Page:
Moor to Coast

Cemetery Lichens

19/01/2013 - 18:15


Left to their own devices, some lichen species can survive almost anywhere. There are the early colonisers of new or altered habitats, as well as those returning to places where they once thrived. Sulphur dioxide levels in many British cities have fallen but not all clean air indicator species have enjoyed an immediate recovery.


A wide range of species have been recorded in churchyards and cemeteries precisely because they can remain mostly unchanged for centuries. Apart from the new graves (nowhere is completely immune to the march of time) and the parish council notices concerning headstones that have been tilted back for health and safety reasons to prevent them falling on people) everything is mostly as it was.   



Tephromela atra


The oldest headstones had a diverse range of species. Unfortunately, many of them seemed to be inseparable.



Caloplaca flavescens


After weeks and months of much higher than average rainfall, many specimens looked markedly different, the yellow ones taking on a distinctly greenish tinge. The lobes here resemble slightly flattened bits of sweetcorn.



Cladonia pocillum


This decision was reached by process of elimination. I had hoped the Cladonias (meaning cup-shaped) would be easy to distinguish. These were growing on moss on top of a tombstone. The leafy bits to the left and underneath the cups belong to the same species and are known as squammules.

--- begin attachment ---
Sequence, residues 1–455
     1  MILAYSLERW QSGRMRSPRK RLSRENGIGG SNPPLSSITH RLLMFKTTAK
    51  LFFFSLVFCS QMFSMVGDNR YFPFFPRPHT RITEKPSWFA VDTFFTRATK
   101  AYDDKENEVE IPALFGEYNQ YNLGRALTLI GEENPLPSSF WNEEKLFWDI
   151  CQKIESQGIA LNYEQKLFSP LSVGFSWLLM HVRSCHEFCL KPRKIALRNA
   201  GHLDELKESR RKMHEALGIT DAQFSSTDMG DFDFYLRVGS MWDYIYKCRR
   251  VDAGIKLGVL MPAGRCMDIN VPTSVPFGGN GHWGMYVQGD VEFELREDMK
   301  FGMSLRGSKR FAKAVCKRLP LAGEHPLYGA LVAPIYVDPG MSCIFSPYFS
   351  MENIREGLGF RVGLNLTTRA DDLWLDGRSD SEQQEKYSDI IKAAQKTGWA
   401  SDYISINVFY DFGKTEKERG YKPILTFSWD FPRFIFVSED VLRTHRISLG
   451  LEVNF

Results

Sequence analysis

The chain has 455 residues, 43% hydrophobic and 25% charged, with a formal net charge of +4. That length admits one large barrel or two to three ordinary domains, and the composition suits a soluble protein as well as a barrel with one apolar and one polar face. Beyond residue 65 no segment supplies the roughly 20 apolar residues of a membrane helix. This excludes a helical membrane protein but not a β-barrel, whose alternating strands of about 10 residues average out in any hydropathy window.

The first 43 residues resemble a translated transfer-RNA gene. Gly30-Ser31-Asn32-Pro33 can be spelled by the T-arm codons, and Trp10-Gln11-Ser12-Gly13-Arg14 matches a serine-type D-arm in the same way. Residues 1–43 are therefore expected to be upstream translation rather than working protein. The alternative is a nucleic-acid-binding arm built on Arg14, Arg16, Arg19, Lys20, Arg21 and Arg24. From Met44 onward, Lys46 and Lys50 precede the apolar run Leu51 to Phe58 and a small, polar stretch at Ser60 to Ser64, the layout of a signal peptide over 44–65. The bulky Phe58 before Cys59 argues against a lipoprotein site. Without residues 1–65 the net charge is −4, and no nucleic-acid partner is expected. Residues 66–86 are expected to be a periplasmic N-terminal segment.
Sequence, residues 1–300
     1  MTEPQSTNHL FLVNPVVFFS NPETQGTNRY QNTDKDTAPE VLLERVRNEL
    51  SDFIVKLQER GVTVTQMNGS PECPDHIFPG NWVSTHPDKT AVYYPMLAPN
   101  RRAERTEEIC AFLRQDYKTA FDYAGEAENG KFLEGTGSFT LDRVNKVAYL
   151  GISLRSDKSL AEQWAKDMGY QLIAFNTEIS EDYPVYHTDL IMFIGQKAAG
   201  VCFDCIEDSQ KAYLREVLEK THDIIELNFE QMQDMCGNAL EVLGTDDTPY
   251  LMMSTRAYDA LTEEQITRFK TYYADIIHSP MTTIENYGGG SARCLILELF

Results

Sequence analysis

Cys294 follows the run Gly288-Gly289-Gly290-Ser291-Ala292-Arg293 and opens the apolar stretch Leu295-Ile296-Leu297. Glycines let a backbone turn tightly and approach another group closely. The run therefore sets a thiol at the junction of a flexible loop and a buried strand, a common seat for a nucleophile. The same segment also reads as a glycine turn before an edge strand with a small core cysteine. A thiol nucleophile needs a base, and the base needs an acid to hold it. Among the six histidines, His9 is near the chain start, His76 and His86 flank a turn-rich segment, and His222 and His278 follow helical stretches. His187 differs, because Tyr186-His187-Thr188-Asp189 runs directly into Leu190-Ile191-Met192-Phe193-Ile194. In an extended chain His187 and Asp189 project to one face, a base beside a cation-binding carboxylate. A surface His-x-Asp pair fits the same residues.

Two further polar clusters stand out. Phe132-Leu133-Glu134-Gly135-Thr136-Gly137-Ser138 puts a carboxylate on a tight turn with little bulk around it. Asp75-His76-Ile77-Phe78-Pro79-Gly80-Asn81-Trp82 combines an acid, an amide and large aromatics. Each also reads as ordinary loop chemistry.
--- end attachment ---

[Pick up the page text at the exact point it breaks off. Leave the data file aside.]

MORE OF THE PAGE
Kidney-spot Ladybird (Chilocorus renipustulatus)


We did not expect to see a ladybird in the darkest depths of December. The skirted fringe of the body and the red spots confirmed the identification.



Another Caloplaca species?


At first I thought this might be another Caloplaca flavescens. But at the edges the lobes are too short. It is probably another member of the same family but there are so many to choose from



Hooded Bristle-moss (Orthotrichum cupulatum)


Anomalous Bristle-moss is remarkably similar but the capsules are on stalks above the leaves. Here they are nestled among the leaves.




Possibly Lecanora campestris var. campestris


Although the above bears a close resemblance to Lecanora helicopsis I have ruled that species out (for the time being). According to my guide, Lecanora helicopsis is common on coastal rocks. Would it be found on a gravestone two miles inland? I suppose it is feasible if you apply a liberal interpretation. Exposed coastal sites might have provided a local and relatively accessible means of procuring rock and transporting it inland.


As usual there were more questions raised than definitve answers. The brown discs were convex and button-like, and were as neatly shaped as jewels. And the group of small brown circles in the bottom right corner belong to a different species altogether.



I think the white species on the left could be one of the Verrucaria species (possibly Verrucaria hochstetteri). A yellow Caloplaca species lies to the right. The above texture put me in mind of foamy surf clashing with sandy shore. It made me wonder if these two are engaged in an epic territorial battle.



Encroaching moss